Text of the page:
Inherited IRA Rules and their Financial and Tax Implications

Inherited IRA Rules and their Financial and Tax Implications
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Over the next twenty years, younger generations are likely to inherit retirement accounts in large amounts. In fact, during those two decades, it is expected that Baby Boomers will transfer $30 trillion in wealth.

Some of those assets will be in retirement accounts like 401(k)s and Individual Retirement Accounts (IRA). While the younger generation is hopefully learning the mechanics of these accounts for their own savings, the particular rules for inheriting one opens the door to higher taxes and an eroding of the inherited assets.

IRAs provide a number of advantages, but operate under very strict rules. For those approaching or already in retirement it is important to understand these rules and how they apply to an inherited IRA. Your awareness will help shape your estate plan decision making. It’s also a good idea to discuss your intentions and hopes for any inheritance with those who will ultimately assume the assets.

If you are the beneficiary of someone else’s IRA when they pass on, you may have no idea how inherited IRAs work. Understanding how best to use those assets to avoid additional taxation is key to ensuring you make the most of your inheritance. Don’t let a lack of knowledge allow you to lose out.

Basic Rules Under the SECURE Act of 2019

There are two basic characteristics of traditional retirement accounts:

  1. The first is that at age 72, the owner must start taking Required Minimum Distributions (“RMDs”). These distributions are mandated so that the government can tax a portion of the balance. The distributions are meant to be “stretched” over the owner’s lifetime.
  2. The second is that investments grow inside the account tax free until they are withdrawn. Dividends, bond income, and realized capital gains are not taxed as they would be in a regular brokerage account.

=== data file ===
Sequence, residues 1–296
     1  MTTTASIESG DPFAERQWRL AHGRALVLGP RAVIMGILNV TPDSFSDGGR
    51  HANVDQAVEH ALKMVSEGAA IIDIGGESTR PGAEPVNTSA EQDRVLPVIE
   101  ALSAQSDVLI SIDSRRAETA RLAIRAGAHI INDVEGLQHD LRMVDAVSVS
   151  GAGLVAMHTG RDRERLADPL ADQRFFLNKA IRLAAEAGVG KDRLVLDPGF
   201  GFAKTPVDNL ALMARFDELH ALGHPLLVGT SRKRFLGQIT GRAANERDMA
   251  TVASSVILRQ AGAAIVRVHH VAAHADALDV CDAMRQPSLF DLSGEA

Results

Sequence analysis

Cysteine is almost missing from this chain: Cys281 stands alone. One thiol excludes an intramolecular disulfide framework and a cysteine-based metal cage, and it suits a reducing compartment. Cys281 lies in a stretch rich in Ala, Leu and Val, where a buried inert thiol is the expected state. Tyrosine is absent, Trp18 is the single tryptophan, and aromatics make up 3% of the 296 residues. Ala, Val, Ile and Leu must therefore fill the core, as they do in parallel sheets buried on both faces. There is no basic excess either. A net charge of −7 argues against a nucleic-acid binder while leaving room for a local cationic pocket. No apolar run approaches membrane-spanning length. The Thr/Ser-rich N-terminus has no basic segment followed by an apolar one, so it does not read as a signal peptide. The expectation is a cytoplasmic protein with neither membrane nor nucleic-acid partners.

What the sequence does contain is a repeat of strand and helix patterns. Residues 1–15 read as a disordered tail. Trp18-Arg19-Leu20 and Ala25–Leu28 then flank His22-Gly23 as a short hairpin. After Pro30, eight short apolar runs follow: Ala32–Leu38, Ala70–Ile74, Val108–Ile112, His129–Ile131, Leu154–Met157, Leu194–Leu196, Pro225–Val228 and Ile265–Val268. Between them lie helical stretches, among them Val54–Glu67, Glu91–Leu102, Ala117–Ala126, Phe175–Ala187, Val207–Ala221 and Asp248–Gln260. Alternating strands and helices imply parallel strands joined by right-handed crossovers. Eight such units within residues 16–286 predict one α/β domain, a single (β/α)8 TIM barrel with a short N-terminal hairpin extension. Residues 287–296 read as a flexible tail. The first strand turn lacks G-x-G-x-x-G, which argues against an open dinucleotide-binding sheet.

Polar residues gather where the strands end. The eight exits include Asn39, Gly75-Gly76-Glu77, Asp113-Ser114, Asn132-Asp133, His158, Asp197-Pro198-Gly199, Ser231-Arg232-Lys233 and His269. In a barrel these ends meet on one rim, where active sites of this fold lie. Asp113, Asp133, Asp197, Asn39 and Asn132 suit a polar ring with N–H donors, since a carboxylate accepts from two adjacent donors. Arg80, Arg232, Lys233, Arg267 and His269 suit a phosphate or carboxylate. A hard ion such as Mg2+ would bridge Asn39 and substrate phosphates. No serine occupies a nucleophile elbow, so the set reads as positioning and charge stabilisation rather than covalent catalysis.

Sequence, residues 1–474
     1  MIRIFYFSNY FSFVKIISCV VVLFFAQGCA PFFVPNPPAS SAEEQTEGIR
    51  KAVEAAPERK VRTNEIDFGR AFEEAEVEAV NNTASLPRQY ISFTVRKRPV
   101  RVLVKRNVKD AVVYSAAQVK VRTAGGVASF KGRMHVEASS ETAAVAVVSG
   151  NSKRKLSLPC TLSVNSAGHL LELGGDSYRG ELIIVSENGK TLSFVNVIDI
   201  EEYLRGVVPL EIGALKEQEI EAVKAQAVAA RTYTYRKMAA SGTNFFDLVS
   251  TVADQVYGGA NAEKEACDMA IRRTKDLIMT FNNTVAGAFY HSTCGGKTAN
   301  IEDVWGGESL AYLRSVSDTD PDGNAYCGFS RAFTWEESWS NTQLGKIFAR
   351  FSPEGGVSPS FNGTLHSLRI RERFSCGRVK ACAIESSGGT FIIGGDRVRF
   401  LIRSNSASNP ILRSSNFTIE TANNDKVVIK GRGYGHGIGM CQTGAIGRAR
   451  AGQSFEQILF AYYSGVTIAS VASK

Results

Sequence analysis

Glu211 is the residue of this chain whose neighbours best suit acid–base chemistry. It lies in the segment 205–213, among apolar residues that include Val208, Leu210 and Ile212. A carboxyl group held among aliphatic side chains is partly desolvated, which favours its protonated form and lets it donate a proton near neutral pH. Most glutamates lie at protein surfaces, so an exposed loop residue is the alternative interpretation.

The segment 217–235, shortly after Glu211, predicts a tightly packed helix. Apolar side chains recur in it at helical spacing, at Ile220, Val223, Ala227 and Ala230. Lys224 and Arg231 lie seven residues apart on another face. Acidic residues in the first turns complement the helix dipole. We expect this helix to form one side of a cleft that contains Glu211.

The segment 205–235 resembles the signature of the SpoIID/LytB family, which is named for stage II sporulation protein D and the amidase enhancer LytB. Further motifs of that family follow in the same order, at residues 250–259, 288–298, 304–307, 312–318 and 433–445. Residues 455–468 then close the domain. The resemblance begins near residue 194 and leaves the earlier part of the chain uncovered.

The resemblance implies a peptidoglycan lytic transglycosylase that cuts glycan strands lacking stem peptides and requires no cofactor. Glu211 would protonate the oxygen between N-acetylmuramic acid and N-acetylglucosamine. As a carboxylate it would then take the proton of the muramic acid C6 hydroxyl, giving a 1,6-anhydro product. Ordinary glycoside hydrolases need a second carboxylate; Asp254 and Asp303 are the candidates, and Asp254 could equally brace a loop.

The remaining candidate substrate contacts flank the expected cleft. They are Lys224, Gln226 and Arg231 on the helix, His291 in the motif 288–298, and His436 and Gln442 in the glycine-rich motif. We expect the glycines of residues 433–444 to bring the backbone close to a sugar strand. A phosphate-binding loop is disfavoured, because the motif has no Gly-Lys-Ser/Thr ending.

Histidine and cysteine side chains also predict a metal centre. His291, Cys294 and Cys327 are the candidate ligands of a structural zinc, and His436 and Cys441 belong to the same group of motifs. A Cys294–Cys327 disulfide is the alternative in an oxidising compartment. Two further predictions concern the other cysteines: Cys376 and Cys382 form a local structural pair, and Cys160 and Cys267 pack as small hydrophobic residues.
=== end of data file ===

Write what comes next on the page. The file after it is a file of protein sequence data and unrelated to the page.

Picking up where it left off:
Prior to the SECURE Act being passed by Congress in 2019, an individual could inherit a retirement account and “stretch” the required distributions over their lifetime. This stretch was beneficial, especially if the beneficiary is much younger, because they could allow the assets to continue to grow for a long period of time.

With the passage of the SECURE Act, beneficiaries can still open a Beneficiary IRA, but they now must withdraw the full balance over 10 years. Any assets not distributed by the end of the 10th year face a 50% penalty!

How Roth Rules Differ to a Traditional IRA

A person may also inherit a Roth retirement account. A Roth differs from a traditional IRA in that withdrawals later in life are not taxed as ordinary income. A Roth shares the tax-free growth inside the account, however.

Once you inherit a Roth retirement account, it is still subject to the 10-year withdrawal rule. Fortunately, the withdrawals would not be taxed.

What to Do When You Inherit an IRA

When you inherit an IRA account, you could withdraw the assets immediately, but the withdrawal is subject to income tax and it forfeits the tax-free growth inside the account. Instead, you can open a Beneficiary IRA and transfer the original owner’s IRA into the account.

This transfer of the inherited IRA does not trigger taxes and preserves the tax-free growth inside the account. The beneficiary, however, must withdraw and pay taxes on the full account value by the end of ten years whether they take out a portion every year or everything at the end of ten years.

There are a few classes of “eligible designated beneficiaries” who do not have to withdraw the balance over ten years.

  • Spouse
  • Minor child of the original owner
  • Someone less than ten years younger than the original owner
  • Someone who is disabled or chronically ill
    (*leaving retirement assets to a disabled beneficiary who receives government benefits or to a special needs trust for their benefit can be problematic. It is best to consult a legal or financial professional.)

Let’s Look at Some Case Studies